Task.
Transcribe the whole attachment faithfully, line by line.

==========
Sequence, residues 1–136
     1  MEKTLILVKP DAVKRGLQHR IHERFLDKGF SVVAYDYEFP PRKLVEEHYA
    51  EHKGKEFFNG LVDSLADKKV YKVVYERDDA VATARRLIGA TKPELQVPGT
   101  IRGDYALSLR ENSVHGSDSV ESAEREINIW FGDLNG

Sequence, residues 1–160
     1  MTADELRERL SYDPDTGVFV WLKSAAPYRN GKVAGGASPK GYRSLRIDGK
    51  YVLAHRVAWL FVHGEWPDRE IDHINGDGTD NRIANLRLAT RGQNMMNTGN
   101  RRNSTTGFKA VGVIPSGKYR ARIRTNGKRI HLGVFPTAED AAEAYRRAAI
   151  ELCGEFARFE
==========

Sequence, residues 1–136
     1  MEKTLILVKP DAVKRGLQHR IHERFLDKGF SVVAYDYEFP PRKLVEEHYA
    51  EHKGKEFFNG LVDSLADKKV YKVVYERDDA VATARRLIGA TKPELQVPGT
   101  IRGDYALSLR ENSVHGSDSV ESAEREINIW FGDLNG

Sequence, residues 1–160
     1  MTADELRERL SYDPDTGVFV WLKSAAPYRN GKVAGGASPK GYRSLRIDGK
    51  YVLAHRVAWL FVHGEWPDRE IDHINGDGTD NRIANLRLAT RGQNMMNTGN
   101  RRNSTTGFKA VGVIPSGKYR ARIRTNGKRI HLGVFPTAED AAEAYRRAAI
   151  ELCGEFARFE